International journalist and editor currently based in Paris. Former reporter at Reuters and The New York Times. Lived and reported in three continents, speaks four languages and loves to live-tweet breaking news on the ground.
Naresh Fernandes, the former editor of Time Out Mumbai and a contributor to India Ink, is the author of “Taj Mahal Foxtrot: The Story of Bombay’s Jazz Age.” India Ink caught up with him at a recent party for the book at the Blue Frog in Delhi, where eminent former jurist and jazz aficionado Soli Sorabjee declared “This is a book that had to be published!” Mr. Fernandes shares his thoughts about the writing process, future plans, and being a terrible boss.
Couples in India may be getting a break from Hindu extremists on this Valentine’s Day, but they will find pursuing love is more expensive this year. Restaurants in Indian cities have increased their prices for a special Valentine’s Day menu. Gift stores prominently display cloying teddy bears and expensive heart-shaped chocolates. And then there are red roses.
She spent half her life as a rebel soldier in Colombia before fleeing to save her baby The unique challenges former female FARC guerillas face as they reintegrate into societyYears before Leidy Johana escaped on a motorcycle from the stifling jungles of Colombia in the dead of night, a forbidden baby in her belly, she was just a rebel without a cause. She grew up on a tomato farm and loved her doting parents and nine siblings but grew restless babysitting, going to school and tending to the crop.
We are hiring!
Brut Indian, a digital video publisher, is looking to hire sharp Indian journalists immediately for its office in Paris, France, and for remote positions in India. Journalists need to have a deep knowledge of Indian news but should also be…https://t.co/bN73hJJil2
Muck Rack makes it simple to find people, tweets, or articles that mention any name, keyword, company, hashtag etc. We've compiled this guide to help you make the most of your search.
Selecting a term
Start searching tweets, articles from media outlets, articles mentioned in tweets, journalists'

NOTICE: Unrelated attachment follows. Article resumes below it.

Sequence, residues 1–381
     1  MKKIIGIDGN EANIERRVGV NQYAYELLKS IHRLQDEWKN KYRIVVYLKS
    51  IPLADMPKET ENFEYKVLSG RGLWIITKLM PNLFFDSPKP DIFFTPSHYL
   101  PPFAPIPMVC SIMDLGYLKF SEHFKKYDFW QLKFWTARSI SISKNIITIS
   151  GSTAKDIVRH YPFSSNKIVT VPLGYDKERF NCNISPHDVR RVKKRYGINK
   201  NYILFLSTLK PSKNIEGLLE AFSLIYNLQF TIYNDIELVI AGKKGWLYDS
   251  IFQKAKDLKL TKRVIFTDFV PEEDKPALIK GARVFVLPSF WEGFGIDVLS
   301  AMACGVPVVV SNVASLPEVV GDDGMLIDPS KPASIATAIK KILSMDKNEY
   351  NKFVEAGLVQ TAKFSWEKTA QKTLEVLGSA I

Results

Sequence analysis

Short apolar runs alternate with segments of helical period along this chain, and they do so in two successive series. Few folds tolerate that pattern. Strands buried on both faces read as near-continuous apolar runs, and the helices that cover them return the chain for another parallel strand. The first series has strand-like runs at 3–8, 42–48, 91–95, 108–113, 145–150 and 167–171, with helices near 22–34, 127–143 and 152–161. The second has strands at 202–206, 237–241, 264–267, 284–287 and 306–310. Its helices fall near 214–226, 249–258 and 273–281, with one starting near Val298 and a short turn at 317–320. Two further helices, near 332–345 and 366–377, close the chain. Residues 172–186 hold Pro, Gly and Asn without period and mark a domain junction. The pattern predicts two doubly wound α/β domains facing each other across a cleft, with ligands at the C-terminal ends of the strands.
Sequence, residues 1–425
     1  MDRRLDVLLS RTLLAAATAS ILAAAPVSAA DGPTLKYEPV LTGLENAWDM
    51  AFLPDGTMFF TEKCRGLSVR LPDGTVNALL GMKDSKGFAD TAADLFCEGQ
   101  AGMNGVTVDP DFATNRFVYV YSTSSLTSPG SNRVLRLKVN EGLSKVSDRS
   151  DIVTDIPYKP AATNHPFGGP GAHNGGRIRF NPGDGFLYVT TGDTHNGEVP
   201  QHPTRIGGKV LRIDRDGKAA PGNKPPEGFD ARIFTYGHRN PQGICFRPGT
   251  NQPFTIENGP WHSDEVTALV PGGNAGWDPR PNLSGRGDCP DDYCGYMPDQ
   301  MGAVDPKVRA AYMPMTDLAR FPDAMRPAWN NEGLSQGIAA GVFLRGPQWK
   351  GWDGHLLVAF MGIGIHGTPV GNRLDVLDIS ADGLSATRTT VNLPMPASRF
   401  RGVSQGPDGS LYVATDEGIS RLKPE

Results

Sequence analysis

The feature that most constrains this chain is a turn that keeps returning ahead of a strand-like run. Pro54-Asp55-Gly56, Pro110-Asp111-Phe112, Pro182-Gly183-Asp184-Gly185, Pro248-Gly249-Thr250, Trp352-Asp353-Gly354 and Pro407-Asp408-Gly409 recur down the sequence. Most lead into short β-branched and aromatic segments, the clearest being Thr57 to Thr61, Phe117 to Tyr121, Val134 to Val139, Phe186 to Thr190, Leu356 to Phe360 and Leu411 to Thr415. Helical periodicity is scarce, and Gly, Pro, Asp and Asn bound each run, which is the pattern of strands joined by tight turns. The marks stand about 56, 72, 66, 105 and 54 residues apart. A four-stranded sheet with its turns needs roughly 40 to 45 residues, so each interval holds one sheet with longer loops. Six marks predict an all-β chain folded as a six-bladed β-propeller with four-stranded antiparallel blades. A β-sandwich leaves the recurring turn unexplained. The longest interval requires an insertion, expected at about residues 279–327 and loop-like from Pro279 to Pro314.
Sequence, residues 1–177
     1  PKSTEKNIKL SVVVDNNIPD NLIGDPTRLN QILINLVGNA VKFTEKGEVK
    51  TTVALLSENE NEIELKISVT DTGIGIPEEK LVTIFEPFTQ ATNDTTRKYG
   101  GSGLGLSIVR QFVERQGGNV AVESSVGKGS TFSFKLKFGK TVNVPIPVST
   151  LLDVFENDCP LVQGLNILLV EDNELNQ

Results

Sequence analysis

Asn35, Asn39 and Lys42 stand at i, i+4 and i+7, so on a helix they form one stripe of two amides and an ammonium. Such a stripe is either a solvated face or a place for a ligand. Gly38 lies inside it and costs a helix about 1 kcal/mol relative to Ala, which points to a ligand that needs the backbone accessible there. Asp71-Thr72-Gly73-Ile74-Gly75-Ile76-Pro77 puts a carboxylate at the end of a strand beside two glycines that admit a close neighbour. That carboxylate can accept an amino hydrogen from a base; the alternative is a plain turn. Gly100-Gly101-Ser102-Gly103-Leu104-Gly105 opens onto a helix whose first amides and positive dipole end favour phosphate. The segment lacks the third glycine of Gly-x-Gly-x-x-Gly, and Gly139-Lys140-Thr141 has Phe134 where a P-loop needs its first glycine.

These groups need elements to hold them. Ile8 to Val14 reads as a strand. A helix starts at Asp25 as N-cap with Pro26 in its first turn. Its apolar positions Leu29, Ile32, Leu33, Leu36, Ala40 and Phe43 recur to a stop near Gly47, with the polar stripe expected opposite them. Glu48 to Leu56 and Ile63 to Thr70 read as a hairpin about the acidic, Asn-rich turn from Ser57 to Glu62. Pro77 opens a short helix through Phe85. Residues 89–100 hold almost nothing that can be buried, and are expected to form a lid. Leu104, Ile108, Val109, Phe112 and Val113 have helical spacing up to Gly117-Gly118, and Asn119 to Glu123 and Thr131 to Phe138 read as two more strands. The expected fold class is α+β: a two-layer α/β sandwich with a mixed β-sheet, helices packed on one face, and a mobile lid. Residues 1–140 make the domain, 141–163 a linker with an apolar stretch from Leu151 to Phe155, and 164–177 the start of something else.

names, titles and bios with some suggested searches:
Companies or Topics (e.g. iPhone, Microsoft)
Phrases (e.g. "cloud computing") — use quotes to keep the terms together
Twitter handles (e.g. @username) — returns those who have mentioned or replied to
Names (e.g. "David Pogue")
Hashtags (e.g. #sxsw, #london2012)
Bio details (e.g. vegan, Olympics, father)
Muck Rack's Advanced Search allows for many boolean operators.
Find results that mention multiple specified terms, use AND or
+. For example, ensure each result contains both Elon Musk and Mark Zuckerberg by
searching Musk AND Zuckerberg or Musk + Zuckerberg.
Use the operators OR or , to broaden your search when you'd like either of
multiple terms to appear in results. (This is the default behavior of our search when no operators
are used). For example, results will contain either cake or cookie by searching cake OR cookie or cake,cookie
Use NOT or - to subtract results from your search. For
example, searching Disney will yield results about the Walt Disney Company as well as Walt Disney
World Resort. To exclude mentions of Disney World, search for Disney -World or Disney
When using one of these operators with a phrase, enclose it in quotation marks. For example, you can
find results about smartphones excluding Apple's iPhone 4S by searching smartphone -"iPhone
Exact case matching or punctuation
If you're searching for a brand name or keyword that relies on specific punctuation marks or capitalization, you can
find results that match your exact query by adding matchcase: before the keyword you're searching for, like matchcase:E*TRADE .
Use parentheses to separate multiple
boolean phrases. For example, to find journalists talking about having fun in Disney World or
Disneyland, search for ("disney world" OR disneyland) AND fun.
An asterisk can be used to search for any variation of a root word truncated by the asterisk. For example, searching for admin* will return results for administrator, administration, administer, administered, etc.
A near operator is an AND operator where you can control the distance between the words. You can vary the distance the near operation uses by adding a forward slash and number (between 0-99) such as strawberries NEAR/10 "whipped cream", which means the strawberries must exist within 10 words of "whipped cream".